VANKOUGHNET (Vankoughnet), PHILIP MICHAEL MATTHEW SCOTT, politician and judge; b. 21 Jan. 1822 at Cornwall, Upper Canada, son of Philip VanKoughnet* and Harriet Sophia Scott; m. Elizabeth, daughter of Colonel Charles Barker Turner, and they had two sons; d. 7 Nov. 1869 at Toronto, Ont.
Philip Michael VanKoughnet studied under Hugh Urquhart at the Eastern District Grammar School, and was destined for the priesthood of the Church of England. In the rebellion of 1837–38 he served in his father’s battalion of militia which saw action at the battle of the Windmill. Perhaps influenced by that experience and by a strongly loyalist and anti-rebellion speech of Christopher Alexander Hagerman*, attorney general of Upper Canada from 1837 to 1840, he chose to study law. In the fall of 1838 he entered the office of George Stephen Benjamin Jarvis* of Cornwall. A hard worker and a brilliant student, he moved to Toronto and the firm of John Shuter Smith and Robert P. Crooks, and in 1843 was admitted to the bar of Upper Canada. He then joined the firm of Robert Easton Burns and Oliver Mowat*. VanKoughnet specialized in equity law, although he also took cases at common law, one of the few lawyers in Upper Canada to practise in both branches. So outstanding a reputation did he win that in 1850 the government of Louis-Hippolyte La Fontaine and Robert Baldwin* recommended him to be queen’s counsel, despite the difference in political conviction between VanKoughnet and the ministry. He served on the council of the University of Trinity College and lectured there on equity jurisprudence.
In 1856, at the urging of his friend John A. Macdonald*, whom he had known at least since the meeting of the British American League in 1849, VanKoughnet accepted the posts of president of the Executive Council and minister of agriculture in the Étienne-Paschal Taché-Macdonald government. He successfully contested Rideau District, the first elective seat to be opened in the Legislative Council, in the same year. As minister of agriculture he turned what had been considered a sinecure into an active department. For instance, he offered $500 for the best essay on the control of the weevil, Hessian fly, and other crop-damaging insects. Henry Youle Hind* won the prize and his paper provided useful knowledge to farmers.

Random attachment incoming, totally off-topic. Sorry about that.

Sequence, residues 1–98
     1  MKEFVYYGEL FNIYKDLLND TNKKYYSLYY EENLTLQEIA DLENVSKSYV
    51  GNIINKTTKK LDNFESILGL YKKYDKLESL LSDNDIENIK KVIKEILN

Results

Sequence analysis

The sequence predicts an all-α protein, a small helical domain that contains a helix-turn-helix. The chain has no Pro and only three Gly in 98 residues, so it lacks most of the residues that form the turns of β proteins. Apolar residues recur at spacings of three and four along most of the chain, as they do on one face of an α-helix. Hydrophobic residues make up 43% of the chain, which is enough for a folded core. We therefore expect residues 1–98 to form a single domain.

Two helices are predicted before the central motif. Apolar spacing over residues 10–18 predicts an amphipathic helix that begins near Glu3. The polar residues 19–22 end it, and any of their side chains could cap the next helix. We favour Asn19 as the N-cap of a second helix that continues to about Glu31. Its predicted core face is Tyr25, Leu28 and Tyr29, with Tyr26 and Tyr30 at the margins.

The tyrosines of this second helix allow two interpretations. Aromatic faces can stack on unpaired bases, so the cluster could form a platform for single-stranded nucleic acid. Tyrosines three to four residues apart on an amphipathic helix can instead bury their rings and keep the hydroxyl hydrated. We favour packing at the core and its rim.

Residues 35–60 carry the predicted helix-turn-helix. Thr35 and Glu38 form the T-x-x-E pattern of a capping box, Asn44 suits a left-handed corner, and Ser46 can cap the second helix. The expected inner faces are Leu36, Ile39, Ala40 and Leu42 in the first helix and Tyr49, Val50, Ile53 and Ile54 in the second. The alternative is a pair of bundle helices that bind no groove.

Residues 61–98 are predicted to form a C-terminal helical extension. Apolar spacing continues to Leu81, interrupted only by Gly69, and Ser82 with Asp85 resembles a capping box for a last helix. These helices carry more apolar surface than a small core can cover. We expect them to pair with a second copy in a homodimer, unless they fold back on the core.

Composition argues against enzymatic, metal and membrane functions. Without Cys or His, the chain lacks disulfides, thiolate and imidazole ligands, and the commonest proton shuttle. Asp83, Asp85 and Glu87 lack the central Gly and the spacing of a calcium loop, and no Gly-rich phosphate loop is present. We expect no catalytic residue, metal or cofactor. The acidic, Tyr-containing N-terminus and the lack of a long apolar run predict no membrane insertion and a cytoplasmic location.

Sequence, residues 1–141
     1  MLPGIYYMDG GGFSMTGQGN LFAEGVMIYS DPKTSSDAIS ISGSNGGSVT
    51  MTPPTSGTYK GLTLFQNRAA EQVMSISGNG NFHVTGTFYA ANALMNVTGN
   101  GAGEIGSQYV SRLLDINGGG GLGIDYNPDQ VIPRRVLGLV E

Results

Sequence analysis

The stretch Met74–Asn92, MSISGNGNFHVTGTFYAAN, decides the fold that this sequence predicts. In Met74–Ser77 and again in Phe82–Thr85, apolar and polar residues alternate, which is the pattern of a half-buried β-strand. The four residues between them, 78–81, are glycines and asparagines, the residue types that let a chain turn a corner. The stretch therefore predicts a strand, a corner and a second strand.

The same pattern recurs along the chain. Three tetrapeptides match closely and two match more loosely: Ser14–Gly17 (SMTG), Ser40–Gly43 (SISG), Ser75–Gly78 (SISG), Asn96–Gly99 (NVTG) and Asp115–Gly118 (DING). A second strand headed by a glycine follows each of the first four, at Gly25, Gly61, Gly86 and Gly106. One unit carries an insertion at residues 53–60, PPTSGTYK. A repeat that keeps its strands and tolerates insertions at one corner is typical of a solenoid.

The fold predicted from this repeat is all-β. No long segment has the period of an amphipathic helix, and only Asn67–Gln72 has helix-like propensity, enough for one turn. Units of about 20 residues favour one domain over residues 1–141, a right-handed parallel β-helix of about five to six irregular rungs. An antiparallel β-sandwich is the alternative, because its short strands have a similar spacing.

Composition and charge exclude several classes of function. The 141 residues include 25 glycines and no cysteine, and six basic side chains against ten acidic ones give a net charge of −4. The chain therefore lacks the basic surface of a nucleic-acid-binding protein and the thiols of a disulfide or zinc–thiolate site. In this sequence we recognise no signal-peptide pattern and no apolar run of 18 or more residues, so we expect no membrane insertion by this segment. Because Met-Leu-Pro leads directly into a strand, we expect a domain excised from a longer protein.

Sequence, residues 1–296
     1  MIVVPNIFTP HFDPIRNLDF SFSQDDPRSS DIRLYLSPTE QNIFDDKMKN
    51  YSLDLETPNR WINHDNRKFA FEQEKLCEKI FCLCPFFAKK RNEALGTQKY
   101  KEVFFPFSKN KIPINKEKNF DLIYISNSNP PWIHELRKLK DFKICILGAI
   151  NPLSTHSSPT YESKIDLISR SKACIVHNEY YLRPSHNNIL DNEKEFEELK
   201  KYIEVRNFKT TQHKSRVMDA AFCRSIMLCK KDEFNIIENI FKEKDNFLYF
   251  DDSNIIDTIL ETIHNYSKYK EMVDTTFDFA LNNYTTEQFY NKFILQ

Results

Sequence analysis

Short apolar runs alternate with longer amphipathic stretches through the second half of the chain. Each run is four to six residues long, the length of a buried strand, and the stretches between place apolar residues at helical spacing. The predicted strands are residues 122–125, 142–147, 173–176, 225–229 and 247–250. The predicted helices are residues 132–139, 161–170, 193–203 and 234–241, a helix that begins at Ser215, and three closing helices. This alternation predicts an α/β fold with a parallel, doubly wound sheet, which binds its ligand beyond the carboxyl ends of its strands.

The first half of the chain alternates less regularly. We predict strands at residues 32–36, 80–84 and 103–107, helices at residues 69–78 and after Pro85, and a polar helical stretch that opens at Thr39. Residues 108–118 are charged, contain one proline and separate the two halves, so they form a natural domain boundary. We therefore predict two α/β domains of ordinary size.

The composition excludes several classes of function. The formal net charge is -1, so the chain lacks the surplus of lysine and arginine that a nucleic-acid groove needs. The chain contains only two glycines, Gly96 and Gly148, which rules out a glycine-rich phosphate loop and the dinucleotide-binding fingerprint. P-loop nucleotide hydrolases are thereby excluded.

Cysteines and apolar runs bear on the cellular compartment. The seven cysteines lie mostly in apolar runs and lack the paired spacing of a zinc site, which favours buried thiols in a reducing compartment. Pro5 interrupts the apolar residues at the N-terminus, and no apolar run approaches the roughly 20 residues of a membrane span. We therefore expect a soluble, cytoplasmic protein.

After passing through the “double shuffle” in 1858, VanKoughnet was appointed commissioner of crown lands and became chief superintendent of Indian affairs in 1860 when the department was transferred from imperial control [see R. T. Pennefather]. He had some. success in settling long-standing land claims. He initiated a system of selling townships en bloc and established a price of 50¢ per acre paid in a combination of cash and credit. These actions led to a rapid opening of some of the colonization roads. He warned lumbermen of the wastage caused by fire and suggested the possibility of legislation to prevent it. VanKoughnet also tried, unsuccessfully, to have parliament adopt a contributory pension fund for civil servants.
In his 1856 election campaign VanKoughnet had suggested that the charter of the Hudson’s Bay Company was invalid and that Canada should claim the northwest. It also fell to him as commissioner of crown lands to arrange the western exploring expeditions of Simon James Dawson* and Henry Youle Hind. He joined other expansionists such as William McMaster*, William P. Howland*, John McMurrich*, and Sandford Fleming* to petition in 1858 for the incorporation of the North-West Transportation, Navigation, and Railway Company. In a related attempt at expansion, he represented the Canadian government in London in 1861 seeking imperial financial support for the building of the Intercolonial Railway by Nova Scotia, New Brunswick, and Canada.
In March 1862 VanKoughnet was appointed chancellor of the Court of Chancery of Upper Canada, and distinguished himself in this office by the clarity, terseness, and humanity of his judgements. He became chancellor of Ontario in 1867. On 7 Nov. 1869 he died after a short illness, survived by his widow and two sons.
Chadwick, Ontarian families, I, 60–62. Dent, Canadian portrait gallery, IV, 127–29. DNB. Morgan, Sketches of celebrated Canadians. Read, Lives of judges. Hodgetts, Pioneer public service. R. S. Lambert, Renewing nature’s wealth; a centennial history of the public management of lands, forests & wildlife in Ontario, 1763–1967 ([Toronto], 1967). W. L. Morton, Critical years.